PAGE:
“Herb,” he said, “I believe you have the idea that will do the job. Give me a few days to take this up with the officers higher up. I’m really enthusiastic over the idea.”
A few days later I returned.
“We want you,” said Mr. Geneva. “But we have run into a certain situation. As you know, I am advertising manager over both papers. We also have an advertising manager for each paper, under me. Right now we have no advertising manager for the Register. I cannot get the management to approve the addition at this time of both a new advertising manager and you as a special expert. They want you to fill both jobs.”
“But Forrest,” I protested, “I would be tied down with the executive job of managing the work of your eight advertising solicitors on the Register, besides all the specialized work of the survey.”
“Right,” we agreed.
“But that will kill everything. I am not an executive. I can’t manage the work of others. I’m like a lone wolf. I have to do my own work in my own way. I often work in streaks. When I’m ‘on’ I know I’m good. But on the ‘off’ days I couldn’t sell genuine gold bricks for a dime. I’d have daily reports to make out, and that’s one thing I just never have been able to do. I’d get way behind on the reports.”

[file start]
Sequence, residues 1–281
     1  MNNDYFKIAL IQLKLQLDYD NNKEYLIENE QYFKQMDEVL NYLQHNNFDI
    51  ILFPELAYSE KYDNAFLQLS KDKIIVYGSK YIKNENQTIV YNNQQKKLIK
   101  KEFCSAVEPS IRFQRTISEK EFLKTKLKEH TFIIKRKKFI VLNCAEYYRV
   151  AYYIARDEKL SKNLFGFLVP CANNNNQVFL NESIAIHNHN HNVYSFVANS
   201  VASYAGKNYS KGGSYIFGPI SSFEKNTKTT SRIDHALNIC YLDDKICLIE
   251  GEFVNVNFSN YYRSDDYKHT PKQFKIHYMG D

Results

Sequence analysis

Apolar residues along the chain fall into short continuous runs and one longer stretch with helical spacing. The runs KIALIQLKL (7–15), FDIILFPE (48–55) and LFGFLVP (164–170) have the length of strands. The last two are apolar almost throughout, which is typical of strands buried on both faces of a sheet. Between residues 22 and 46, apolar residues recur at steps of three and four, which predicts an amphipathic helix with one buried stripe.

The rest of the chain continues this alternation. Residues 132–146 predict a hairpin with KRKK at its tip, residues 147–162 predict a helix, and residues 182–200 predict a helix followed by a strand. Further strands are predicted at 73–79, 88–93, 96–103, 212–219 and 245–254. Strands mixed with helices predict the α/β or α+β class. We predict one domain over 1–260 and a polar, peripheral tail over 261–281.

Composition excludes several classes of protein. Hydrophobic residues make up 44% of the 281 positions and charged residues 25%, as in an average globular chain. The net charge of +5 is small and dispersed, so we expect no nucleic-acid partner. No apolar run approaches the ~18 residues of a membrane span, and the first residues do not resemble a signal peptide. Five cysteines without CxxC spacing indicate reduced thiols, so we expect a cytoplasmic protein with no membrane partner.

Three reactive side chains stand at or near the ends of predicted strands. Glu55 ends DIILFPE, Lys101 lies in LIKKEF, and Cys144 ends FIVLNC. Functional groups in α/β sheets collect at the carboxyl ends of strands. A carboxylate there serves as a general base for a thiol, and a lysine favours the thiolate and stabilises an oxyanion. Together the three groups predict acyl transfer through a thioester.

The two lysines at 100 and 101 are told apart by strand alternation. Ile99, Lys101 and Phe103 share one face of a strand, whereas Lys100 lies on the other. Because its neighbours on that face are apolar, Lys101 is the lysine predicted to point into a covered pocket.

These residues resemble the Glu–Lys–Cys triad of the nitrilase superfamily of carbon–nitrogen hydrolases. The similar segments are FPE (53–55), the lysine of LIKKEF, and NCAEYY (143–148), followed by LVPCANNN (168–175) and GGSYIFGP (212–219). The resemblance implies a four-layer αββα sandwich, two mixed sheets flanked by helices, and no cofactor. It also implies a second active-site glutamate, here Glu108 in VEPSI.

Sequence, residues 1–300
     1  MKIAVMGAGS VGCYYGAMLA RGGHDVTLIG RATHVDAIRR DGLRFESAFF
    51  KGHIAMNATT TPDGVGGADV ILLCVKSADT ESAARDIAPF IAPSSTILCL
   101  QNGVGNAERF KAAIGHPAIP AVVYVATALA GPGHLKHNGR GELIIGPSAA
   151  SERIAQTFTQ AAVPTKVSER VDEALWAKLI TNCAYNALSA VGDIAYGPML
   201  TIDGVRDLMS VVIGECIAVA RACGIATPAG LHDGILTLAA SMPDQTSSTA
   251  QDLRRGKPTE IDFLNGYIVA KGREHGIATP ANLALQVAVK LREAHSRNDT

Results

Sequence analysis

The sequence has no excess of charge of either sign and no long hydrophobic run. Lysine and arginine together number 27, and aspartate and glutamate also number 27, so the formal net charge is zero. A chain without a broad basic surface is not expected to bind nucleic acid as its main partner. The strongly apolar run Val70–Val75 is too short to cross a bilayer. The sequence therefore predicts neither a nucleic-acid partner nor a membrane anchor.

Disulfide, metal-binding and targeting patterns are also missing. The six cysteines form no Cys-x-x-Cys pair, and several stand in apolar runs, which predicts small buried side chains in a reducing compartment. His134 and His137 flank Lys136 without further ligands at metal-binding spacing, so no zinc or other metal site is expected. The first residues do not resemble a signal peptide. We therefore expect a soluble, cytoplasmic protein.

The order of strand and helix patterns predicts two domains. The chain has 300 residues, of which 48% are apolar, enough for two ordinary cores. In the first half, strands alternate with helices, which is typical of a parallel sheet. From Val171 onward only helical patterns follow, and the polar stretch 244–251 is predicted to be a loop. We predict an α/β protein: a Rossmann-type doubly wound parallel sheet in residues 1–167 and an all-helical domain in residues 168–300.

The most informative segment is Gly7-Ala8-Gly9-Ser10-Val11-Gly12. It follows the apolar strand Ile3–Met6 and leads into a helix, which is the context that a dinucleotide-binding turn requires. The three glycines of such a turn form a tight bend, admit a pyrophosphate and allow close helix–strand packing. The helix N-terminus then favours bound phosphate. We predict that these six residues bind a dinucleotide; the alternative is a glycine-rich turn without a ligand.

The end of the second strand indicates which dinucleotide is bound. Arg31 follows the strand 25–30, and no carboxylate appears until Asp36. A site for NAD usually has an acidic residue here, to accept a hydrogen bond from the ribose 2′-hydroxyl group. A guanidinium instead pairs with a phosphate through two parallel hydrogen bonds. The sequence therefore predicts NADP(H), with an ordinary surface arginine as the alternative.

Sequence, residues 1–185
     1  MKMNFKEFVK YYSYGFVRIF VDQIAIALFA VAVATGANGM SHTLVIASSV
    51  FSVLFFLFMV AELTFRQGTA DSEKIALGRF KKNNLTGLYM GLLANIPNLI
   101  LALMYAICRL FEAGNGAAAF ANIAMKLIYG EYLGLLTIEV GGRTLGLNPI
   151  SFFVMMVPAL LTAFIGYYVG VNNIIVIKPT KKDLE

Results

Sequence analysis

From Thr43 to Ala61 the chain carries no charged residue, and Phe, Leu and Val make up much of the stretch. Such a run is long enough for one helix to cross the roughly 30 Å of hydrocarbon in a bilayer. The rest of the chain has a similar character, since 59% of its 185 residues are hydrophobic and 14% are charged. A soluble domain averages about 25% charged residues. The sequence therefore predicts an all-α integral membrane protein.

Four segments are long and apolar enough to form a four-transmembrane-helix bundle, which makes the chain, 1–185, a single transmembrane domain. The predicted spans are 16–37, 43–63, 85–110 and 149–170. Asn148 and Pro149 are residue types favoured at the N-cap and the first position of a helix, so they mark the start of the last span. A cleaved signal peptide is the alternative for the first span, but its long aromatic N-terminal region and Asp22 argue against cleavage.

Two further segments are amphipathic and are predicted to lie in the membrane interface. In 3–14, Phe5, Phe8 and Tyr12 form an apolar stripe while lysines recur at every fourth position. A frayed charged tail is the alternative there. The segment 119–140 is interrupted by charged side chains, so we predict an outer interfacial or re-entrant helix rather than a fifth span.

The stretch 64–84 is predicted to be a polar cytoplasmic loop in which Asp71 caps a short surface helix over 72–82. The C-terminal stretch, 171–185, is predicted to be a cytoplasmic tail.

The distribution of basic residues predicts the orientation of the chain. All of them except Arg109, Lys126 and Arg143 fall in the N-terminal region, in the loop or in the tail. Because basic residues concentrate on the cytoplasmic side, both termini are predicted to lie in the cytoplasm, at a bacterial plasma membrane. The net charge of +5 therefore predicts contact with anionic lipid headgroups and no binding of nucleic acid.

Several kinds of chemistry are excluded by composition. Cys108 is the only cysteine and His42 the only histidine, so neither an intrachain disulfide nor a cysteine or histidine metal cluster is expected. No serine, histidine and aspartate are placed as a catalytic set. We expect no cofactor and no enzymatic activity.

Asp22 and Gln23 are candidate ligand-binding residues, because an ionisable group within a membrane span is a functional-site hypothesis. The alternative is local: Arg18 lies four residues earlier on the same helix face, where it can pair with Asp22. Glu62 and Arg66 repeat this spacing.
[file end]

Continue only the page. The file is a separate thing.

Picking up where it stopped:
“Look, Herb,” he came back. “I know you will make good on the executive job. I won’t let you fail. If you run into a lapse, or your reports are not in, I’ll stay down myself evenings and do that part of your work for you. No one will ever know.”
But I had no confidence in my ability to direct the work of eight men, and make out daily reports. So I turned down the offer to become advertising manager of a great newspaper.
I was to learn much later, beginning with 1947 when Ambassador College was founded, that I could become an executive and direct the operations and work of many hundreds of employees, besides doing about seven men’s jobs myself. And long before that I learned to overcome lapses and streaks. But, had I taken that job I might be there today—an employee on a newspaper, instead of directing the most important activity on Earth. We might have averted several following years of financial hardship. But I know now, in the light of events—“the fruits”—that I was being prepared for this Work and was being brought down to the depths of defeat and frustration until I would give up the false god of seeking status out of vanity.